SHA256 - Hashing Algorithm
SHA256 - Hashing Algorithm
The Hashing algorithm we have used up to now is known as SHA256. (Secure Hashing Algorithm). For access and knowledge, go here. There are a number of alternatives. Most produce hashes of less than 20 characters and the risk of collision (two different documents or VRs producing the same hash) is significantly higher.
There is at least one other public domain algorithm which produces a hash of 20 characters, known as RIPEMD. Our choice between the two was more or less arbitrary in that when we went looking for the code, it became clear that SHA1 is much more widespread than RIPEMD.
More recently, however, the SHA algorithms have been expanded to include 256, 512 and 768 bit options. The benefits of the additional keyspace and reduced collision risk may be sufficient to outweigh the additional storage space required, particularly as storage is already cheap and getting cheaper. We may, therefore, "upgrade" to longer hashes as the system is developed.
Recently (Feb 2005) the world of cryptography experienced what, for it, was almost the equivalent of a Tsunami - when Chinese cryptographers announced a potential break to SHA1. For an enlightening discussion on the full implications of this breakthrough, you should read this page on Bruce Schneier's website.
Its relevance to the Codel project, however, is minimal. We use hashes for three purposes, none of which is seriously affected by the break. Two of our purposes relate to integrity and one to security;
- Counterfeit Prevention - A manufacturer creates a VR. We don't know the VR, we store only its hash value. When an end user wishes to validate their product they will input the VR (which is printed somewhere on the product) and it will hash to a value we hold on the database. No problem. IF the break permitted a counterfeiter to create their own VRs which happened to have matching hashes on our database, then - and only then - would it be a problem. As you will see if you read the linked page, this is emphatically NOT what has been achieved.
- Database Security - The object of using the Hashes on our database is to ensure that we do not know the sensitive information represented by the hashes. In order to obtain that sensitive information, the attacker has to obtain the hash and "reverse engineer" it to obtain the initial VR (or document if its on the Copyright database, rather than the product tracking database). Again, if you read the discussion, this is emphatically NOT what has been achieved. Brute force attacks on a hash, with a view to recreating the original message, will still require 2160 attempts and remain, to all intents and purposes, computationally infeasible (for the time being)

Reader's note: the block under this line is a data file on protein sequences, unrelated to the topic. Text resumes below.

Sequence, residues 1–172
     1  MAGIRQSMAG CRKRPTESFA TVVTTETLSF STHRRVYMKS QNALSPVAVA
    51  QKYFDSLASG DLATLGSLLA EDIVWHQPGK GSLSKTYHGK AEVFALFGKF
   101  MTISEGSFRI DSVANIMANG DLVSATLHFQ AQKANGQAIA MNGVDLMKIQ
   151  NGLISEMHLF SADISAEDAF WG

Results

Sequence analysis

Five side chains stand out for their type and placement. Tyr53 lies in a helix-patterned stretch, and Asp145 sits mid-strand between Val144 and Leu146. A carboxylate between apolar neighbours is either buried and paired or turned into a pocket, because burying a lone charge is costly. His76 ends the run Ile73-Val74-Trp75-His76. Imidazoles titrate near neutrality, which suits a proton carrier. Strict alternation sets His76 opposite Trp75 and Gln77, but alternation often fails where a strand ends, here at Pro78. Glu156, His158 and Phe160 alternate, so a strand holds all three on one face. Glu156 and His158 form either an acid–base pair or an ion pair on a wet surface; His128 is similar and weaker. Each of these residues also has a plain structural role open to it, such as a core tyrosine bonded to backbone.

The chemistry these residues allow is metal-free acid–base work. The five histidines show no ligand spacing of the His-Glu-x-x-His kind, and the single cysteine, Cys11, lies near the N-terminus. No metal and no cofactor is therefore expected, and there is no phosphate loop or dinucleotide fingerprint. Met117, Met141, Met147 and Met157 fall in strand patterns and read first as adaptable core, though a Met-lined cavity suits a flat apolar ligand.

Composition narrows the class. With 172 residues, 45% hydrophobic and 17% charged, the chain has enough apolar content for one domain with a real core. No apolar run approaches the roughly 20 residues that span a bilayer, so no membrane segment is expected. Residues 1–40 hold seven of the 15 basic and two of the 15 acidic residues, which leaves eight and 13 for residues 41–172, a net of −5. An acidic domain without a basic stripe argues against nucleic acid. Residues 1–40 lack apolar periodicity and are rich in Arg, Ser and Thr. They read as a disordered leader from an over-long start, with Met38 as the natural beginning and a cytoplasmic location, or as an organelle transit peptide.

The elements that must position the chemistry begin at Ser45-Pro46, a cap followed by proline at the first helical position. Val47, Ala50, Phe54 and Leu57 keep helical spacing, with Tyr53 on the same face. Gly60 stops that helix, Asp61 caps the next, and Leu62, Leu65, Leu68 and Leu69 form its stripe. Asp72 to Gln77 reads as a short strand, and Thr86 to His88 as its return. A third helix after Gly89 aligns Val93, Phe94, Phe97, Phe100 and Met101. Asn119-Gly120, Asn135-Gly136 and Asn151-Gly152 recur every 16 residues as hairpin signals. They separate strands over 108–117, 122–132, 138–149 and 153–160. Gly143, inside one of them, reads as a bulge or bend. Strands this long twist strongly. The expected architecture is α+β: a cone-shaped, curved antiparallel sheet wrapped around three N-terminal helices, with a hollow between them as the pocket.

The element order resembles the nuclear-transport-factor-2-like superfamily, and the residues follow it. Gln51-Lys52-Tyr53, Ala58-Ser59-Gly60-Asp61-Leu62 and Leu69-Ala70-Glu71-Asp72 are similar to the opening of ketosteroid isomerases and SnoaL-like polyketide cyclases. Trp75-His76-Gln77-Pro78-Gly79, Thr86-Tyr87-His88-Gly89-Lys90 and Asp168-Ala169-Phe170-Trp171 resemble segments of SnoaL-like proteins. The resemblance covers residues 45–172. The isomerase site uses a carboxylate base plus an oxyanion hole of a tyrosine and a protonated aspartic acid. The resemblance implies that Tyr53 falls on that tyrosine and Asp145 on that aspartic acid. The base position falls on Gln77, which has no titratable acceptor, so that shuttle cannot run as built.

- Copyright - An author creates a document. Submits the hash to Codel to register their copyright date. An attacker wants to challenge the copyright - not to present an alternative document. End of problem! If its the same document, it must produce the same hash and the issue is about dates, not documents.
What is all the fuss about then?
What the break means is that if an attacker gets to choose BOTH messages (in our context this would mean that they create both the manufacturer's VR AND the counterfeiter's!) then what the Chinese have (almost) demonstrated is that it is technically feasible to find 2 VRs which produced the same hash values. They have not cracked the much more difficult problem of finding a second message to produce any arbitrary hash.
It should also be clear, if you read how our VRs are constructed that this construction places a further enormous hurdle in the way of the attacker. Not only do they have to create two VRs with matching hashes, but they also have to meet our construction rules.
As Schneier points out, in practical terms, this break does not immediately undermine all the security based on SHA1 but it sounds an alarm bell because "attacks always get better" and, as he's been warning since September 2004, there are potential problems with SHA which mean its time we created entirely new hashing algorithms. But again, as he points out, its "time to walk, not run, to the fire exits".
The important point about Schneier's analysis is that SHA itself is now in question. The attack that works for SHA1 should in principle work for all other SHA variants - although the reduction from 2128 to 2117 attempts still leaves a lot more breathing space than the reduction from 280 to 269. Nevertheless, ALL the SHA algorithms are now under suspicion so although we can climb to a higher part of the ship, it is still sinking - but very very slowly. So slowly, in fact, that it is clearly going to be capable of several more years of round the world cruising before it disappears beneath the waves.
With all that in mind, we will probably use SHA256 in place of SHA1 whenever that is an option. But we won't be too concerned about continued use of SHA1 for those uses where security is not the issue (such as copyright protection).